Secondly, DaimlerChrysler argued that expert testimony regarding the design of the Jeep Cherokee should not have been admitted. However, the court held that a trial judge has wide discretion in whom to allow and not allow to testify, and as such, it will not be disturbed by an appellate court unless it is clearly erroneous. What is interesting is that when the expert did testify in regards to the vehicles design, he declared that the Research Testing Center that tests the cars for operation before they are mass produced and sold found that the 93-98 Jeep Grand Cherokee had “unintended powered reverse found to occur only when the transmission was not shifted into gated park…” This in fact, is what most likely occurred to the couple on that fateful day when their unborn son was fatally injured.

Thus, contrary to many critics of this recent decision, the 4th Circuit’s decision follows the rules of law operating over such legal issues. The couple never had any reason to know of or believe that their vehicle had a design defect that would cause such a tragic event. Further, the company never informed them of the numerous complaints regarding the dangerous issue; the only reason the couple found out about the issues was due to a newspaper reporter who called informing them that they were not alone in experiencing such a traumatic event. Thus, the couple filed the petition against the company shortly after they learned of the Jeep Grand Cherokee problem. Further, the expert testimony was allowed by the trial court, and the judge in such instances is allowed wide discretion to allow in what they deem reasonable for the case. The expert testimony revealed that the company had test results that demonstrated the vehicle’s potential problem; however, they failed to resolve such issue. Thus, on appeal, the court held that the trial court’s jury verdict was appropriate, not because the event was so horrendous that they blindly awarded such an amount, but rather, because the law supports such a finding and as such, it has been upheld.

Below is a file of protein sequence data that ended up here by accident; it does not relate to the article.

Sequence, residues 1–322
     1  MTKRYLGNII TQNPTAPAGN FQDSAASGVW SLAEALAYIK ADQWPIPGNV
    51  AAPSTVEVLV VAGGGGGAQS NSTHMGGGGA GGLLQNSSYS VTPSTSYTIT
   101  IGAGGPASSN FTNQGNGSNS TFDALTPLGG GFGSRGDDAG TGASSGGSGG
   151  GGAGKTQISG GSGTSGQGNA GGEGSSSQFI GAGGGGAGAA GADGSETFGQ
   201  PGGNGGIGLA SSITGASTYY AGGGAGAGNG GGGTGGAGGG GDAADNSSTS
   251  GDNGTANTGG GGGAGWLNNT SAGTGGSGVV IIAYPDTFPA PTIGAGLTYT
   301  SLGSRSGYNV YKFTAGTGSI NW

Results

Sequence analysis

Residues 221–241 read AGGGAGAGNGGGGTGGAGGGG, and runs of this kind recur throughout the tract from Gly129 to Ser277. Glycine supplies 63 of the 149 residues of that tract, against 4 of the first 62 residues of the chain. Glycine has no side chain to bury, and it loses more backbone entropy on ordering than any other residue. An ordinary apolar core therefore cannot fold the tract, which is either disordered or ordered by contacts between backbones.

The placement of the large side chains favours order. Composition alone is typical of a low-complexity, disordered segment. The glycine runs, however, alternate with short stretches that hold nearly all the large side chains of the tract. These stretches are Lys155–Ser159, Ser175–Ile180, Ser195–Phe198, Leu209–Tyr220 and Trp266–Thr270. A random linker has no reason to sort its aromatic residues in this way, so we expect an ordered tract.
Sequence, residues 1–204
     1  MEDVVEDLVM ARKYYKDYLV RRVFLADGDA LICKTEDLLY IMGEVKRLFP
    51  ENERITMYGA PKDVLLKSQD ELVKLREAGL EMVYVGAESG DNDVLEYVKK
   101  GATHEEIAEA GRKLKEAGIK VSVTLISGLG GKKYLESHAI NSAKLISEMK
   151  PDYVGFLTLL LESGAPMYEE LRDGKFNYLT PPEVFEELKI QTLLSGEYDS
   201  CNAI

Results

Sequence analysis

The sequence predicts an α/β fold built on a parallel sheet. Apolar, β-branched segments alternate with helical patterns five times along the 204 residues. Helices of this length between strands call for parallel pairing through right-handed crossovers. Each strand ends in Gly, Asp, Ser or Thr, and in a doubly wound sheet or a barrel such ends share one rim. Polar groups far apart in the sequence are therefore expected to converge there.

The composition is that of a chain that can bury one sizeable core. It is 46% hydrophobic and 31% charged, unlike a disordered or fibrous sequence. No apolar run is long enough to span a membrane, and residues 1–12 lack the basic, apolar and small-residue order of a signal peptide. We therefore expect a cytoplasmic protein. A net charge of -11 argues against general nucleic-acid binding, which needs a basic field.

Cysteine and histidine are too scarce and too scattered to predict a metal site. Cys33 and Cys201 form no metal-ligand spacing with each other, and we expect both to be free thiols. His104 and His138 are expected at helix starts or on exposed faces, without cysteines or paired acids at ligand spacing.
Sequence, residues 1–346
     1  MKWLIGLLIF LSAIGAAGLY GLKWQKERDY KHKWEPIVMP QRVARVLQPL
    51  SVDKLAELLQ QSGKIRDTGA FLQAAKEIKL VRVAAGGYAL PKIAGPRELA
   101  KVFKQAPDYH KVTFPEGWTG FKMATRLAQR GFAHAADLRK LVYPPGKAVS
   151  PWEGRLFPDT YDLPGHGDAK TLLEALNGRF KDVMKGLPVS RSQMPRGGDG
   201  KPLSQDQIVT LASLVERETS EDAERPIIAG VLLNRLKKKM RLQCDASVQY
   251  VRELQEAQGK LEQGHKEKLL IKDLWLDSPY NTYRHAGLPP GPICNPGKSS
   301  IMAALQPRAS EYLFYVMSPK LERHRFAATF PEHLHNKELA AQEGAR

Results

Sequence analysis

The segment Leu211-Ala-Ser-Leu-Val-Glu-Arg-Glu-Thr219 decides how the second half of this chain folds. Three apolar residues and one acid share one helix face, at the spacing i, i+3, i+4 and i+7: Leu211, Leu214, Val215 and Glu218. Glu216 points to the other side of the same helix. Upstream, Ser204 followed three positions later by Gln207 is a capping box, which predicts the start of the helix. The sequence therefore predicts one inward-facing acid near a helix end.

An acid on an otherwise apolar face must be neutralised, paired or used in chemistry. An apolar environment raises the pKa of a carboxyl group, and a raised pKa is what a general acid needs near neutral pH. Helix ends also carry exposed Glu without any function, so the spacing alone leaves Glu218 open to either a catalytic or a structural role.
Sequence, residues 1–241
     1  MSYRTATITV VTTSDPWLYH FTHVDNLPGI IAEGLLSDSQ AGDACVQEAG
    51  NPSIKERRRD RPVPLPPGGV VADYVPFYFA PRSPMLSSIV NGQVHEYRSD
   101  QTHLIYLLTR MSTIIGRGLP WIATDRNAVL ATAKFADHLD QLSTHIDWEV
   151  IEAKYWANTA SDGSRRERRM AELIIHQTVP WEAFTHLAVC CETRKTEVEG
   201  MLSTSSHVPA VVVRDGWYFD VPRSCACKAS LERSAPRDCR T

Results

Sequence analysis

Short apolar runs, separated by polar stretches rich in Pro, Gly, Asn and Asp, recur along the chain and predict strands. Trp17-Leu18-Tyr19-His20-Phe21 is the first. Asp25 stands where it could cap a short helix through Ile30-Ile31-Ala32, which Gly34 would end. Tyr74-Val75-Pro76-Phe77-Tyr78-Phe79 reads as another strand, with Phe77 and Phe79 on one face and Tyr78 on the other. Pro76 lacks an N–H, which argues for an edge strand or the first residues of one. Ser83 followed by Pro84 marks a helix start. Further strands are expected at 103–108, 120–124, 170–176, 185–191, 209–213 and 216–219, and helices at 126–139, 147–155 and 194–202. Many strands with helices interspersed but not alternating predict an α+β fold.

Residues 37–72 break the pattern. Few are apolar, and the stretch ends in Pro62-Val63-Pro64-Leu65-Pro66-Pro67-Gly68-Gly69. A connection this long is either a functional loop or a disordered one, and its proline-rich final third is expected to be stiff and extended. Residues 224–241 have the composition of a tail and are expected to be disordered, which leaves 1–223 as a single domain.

If you find yourself in an accident and believe that a flaw with the car or parts therein may have caused the problem, contact an attorney immediately. By doing so you can begin moving quickly to make sure your case is handled properly and efficiently in order to get the justice and compensation you deserve.